Written in 1989 Mackenzie’s Mountain is a contemporary romance however it reads, and for the first 100 pages I thought it was a historical, taking place around 1890-1910. It takes place in small town Wyoming and has a Little House On the Prairie feel to it along with lots of prejudice and small minded gossip.
The heroine is a schoolteacher who has just moved to teach in their school house. She is plain in appearance with her hair in a bun, horn rimmed glasses, a shapeless dress, sensible shoes and zero life experience having been raised by her old fashioned Aunt (presumably in a cave). Mary in fact has never worn a pair of jeans and has definitely never been kissed. She is however clichéd with thoughts like this one;
"Only shameless hussies would wear a skirt without a proper petticoat underneath"
Yes she also speaks like she’s from the 1900’s and her character seemed stranger to me still when I realized it was meant to be 1989 (don’t know many people that wore petticoats then)
Anyways Mary is concerned that one of her better students has quit school and goes to his home to find out why where she meets Wolf Mackenzie and this is when I started to get offended and these are the authors words Not mine. Wolf is an Indian and an angry Indian because he spent time in jail for a crime he didn’t commit and everyone in town hates and distrusts him. To make matters worse (in the authors mind) Wolf is also a half breed and Howard drills this into the readers head every couple of pages in case we forget our hero’s heritage. Now honestly… its 1989, do people really use words like half-breed anymore? Could the average person tell the difference? Have I just been living in happy land my entire life? This is uncomfortable.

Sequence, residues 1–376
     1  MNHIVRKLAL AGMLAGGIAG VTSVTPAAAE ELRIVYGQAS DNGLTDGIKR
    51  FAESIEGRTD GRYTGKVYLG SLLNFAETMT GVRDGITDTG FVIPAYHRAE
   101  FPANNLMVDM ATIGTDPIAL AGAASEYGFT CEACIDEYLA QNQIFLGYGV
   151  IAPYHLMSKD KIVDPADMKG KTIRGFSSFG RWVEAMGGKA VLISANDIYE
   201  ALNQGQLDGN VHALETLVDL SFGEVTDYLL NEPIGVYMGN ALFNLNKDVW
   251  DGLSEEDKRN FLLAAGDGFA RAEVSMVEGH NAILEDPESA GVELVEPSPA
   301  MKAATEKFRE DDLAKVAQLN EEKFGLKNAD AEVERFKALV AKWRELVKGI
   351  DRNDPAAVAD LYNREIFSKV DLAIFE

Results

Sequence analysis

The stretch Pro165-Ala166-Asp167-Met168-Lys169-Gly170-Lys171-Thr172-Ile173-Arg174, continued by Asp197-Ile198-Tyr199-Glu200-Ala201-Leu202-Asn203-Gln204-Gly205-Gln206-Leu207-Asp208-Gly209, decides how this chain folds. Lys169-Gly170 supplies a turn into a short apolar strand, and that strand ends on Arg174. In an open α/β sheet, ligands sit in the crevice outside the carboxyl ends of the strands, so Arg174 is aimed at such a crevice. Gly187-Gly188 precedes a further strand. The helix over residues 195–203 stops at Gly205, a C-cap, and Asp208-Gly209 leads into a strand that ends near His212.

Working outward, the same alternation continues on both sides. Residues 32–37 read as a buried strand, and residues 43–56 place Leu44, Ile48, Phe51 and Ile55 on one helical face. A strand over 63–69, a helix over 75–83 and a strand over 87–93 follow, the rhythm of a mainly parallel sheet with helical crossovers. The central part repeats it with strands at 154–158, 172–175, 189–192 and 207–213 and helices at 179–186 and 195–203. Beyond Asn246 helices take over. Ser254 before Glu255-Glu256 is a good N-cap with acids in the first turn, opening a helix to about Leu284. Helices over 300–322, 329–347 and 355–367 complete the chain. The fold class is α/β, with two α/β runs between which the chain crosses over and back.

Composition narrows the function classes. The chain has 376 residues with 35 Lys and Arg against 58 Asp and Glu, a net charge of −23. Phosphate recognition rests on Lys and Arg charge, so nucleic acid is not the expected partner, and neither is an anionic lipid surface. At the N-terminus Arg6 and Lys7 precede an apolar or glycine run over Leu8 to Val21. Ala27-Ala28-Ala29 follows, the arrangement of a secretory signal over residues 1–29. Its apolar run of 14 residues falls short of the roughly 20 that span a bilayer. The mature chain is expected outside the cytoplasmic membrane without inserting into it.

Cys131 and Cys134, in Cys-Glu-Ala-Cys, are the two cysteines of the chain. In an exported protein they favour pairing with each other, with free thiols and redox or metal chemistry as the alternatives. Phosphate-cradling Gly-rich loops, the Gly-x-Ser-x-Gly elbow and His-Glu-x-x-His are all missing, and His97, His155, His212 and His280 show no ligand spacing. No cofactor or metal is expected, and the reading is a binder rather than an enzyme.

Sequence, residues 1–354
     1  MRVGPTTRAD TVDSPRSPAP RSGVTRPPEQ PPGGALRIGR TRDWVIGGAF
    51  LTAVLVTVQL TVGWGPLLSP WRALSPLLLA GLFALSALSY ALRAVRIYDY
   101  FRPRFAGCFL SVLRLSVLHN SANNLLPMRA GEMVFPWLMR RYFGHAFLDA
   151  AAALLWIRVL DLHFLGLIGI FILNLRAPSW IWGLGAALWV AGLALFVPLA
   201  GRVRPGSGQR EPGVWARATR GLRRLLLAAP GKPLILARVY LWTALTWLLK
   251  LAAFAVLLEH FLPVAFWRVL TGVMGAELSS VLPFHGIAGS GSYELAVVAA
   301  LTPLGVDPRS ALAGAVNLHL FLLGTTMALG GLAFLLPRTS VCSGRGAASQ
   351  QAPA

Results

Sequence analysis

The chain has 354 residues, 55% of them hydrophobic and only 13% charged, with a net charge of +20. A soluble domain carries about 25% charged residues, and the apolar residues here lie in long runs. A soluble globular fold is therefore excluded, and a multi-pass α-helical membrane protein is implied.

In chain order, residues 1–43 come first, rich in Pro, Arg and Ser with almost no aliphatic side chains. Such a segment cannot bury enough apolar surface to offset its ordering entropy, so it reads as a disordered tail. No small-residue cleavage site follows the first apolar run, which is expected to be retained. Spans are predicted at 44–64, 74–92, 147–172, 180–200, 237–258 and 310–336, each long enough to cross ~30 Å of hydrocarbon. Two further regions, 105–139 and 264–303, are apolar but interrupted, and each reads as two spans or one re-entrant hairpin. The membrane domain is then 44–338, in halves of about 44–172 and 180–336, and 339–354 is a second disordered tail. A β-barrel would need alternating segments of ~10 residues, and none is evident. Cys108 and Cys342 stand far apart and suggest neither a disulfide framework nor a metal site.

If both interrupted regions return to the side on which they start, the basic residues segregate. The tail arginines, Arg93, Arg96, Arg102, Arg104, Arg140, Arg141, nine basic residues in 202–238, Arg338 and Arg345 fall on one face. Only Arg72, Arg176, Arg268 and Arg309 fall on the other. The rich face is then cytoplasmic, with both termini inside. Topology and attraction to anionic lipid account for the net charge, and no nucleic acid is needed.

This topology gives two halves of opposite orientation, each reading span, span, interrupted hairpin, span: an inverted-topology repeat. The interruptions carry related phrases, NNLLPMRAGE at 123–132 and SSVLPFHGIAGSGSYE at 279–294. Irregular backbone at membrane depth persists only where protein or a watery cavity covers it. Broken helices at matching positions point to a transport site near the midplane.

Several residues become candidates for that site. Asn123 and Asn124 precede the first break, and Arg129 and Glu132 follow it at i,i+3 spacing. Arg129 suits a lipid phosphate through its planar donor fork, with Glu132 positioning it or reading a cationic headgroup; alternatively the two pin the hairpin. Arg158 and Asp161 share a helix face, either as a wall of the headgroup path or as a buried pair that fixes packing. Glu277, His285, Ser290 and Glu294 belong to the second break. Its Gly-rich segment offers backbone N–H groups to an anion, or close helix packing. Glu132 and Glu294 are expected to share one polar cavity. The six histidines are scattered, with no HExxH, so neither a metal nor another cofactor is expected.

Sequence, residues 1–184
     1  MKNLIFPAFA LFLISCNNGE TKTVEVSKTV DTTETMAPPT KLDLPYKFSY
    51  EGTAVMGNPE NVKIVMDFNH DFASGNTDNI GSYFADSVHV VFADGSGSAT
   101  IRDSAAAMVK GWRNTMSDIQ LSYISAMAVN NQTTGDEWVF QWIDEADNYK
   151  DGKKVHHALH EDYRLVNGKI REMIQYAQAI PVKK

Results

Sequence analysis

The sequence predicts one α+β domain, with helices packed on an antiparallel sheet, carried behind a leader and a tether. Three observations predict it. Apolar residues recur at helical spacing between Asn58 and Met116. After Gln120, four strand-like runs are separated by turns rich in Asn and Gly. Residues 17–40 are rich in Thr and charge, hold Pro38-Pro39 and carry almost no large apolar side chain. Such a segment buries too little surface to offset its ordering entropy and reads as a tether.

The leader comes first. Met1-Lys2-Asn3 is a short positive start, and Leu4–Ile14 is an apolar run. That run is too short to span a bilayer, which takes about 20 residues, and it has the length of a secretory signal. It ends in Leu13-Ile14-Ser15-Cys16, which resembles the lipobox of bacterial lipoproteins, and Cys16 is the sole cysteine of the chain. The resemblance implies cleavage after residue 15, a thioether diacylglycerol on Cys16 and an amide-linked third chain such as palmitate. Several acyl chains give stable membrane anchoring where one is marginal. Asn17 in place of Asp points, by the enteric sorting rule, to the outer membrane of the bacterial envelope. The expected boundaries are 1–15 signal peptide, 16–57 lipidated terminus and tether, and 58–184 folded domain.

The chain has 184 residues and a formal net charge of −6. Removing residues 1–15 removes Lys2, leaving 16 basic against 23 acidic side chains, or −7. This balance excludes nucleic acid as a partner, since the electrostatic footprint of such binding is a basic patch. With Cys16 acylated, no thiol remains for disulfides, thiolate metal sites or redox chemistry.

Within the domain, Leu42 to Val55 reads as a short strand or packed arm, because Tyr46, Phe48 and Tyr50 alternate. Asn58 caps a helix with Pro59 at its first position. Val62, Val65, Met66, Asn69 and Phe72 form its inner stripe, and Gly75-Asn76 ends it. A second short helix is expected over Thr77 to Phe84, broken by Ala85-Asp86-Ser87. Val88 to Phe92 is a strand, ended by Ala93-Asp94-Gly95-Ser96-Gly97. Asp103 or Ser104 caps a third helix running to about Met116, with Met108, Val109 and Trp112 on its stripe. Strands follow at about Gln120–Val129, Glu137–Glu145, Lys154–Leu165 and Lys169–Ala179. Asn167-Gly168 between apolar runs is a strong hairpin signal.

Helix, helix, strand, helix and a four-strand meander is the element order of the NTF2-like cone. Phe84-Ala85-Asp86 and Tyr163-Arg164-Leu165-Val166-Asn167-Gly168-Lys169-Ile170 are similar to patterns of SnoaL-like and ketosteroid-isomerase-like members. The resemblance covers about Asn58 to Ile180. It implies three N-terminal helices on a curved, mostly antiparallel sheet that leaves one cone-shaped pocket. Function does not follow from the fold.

Wolf feels his son doesn’t need schooling because he’s an Indian (cringe) Now after all the racist remarks which I somewhat forgave because I thought it was a historical this is when Joe, the heroes son suddenly declares that he wants to join the Air Force academy and fly jets. What?! Damn this really is a contemporary.
Mary then decides to tutor Joe and feels that even though (cringe) he’s a half breed he still has a pretty good chance of getting into the Air Force. Remember its 1989 in this backwards little town. For some weird reason Wolf is attracted to the mousy Mary and the meat of this story revolves around their growing relationship, him giving her savage looks and bedding her and the hunt for the man responsible for attacking women in town which Wolf is initially blamed for.
Now I could go on and on about all my issues with this silly/strange/offensive story but because its also such a reader favourite (I’m assuming with historical romance fans) I will also say that Wolf is a fantastic, sexy alpha hero and as annoying and clichéd as Mary is they still manage to share some steamy love scenes together. I also really liked Joe the wanna-be pilot son and it’s my understanding that his story is up next in Mackenzie's Mission.
As this was my first Linda Howard book I don’t know if writing historical characters in modern times is a trait of hers and as offensive as some of her writing was I did still enjoy her love scenes and easy flowing writing style. Howard just needs to pick one time genre and stick with it. ...more